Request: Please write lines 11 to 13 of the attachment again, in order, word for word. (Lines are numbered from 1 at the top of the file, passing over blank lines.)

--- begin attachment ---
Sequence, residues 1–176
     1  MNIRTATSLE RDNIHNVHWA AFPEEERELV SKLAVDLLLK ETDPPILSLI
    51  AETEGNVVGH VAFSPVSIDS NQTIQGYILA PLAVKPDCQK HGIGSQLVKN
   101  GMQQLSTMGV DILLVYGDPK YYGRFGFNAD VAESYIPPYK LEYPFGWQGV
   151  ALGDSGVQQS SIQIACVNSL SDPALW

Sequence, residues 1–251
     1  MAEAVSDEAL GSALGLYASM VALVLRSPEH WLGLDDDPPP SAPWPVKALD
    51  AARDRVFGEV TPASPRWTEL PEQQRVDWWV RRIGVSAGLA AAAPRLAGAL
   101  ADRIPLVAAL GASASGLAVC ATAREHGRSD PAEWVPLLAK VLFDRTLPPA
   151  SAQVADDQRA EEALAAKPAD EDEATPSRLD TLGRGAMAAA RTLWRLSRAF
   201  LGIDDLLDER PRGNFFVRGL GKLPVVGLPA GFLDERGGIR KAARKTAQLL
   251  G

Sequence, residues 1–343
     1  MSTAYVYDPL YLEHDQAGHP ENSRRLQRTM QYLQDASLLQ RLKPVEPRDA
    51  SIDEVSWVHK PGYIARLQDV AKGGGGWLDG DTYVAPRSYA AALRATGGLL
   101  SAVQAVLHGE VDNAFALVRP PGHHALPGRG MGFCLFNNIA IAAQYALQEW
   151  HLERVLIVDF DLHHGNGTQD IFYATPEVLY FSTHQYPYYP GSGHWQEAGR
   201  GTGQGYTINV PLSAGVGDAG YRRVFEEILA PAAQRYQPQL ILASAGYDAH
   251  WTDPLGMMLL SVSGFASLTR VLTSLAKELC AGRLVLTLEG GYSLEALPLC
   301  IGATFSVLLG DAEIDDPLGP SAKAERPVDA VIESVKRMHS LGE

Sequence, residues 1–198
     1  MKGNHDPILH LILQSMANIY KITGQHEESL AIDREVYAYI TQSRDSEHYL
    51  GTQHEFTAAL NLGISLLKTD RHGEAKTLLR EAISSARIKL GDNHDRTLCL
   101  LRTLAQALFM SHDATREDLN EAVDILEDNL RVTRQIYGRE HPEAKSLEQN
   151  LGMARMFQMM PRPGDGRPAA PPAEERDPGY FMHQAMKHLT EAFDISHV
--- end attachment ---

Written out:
   201  LGIDDLLDER PRGNFFVRGL GKLPVVGLPA GFLDERGGIR KAARKTAQLL
   251  G

Sequence, residues 1–343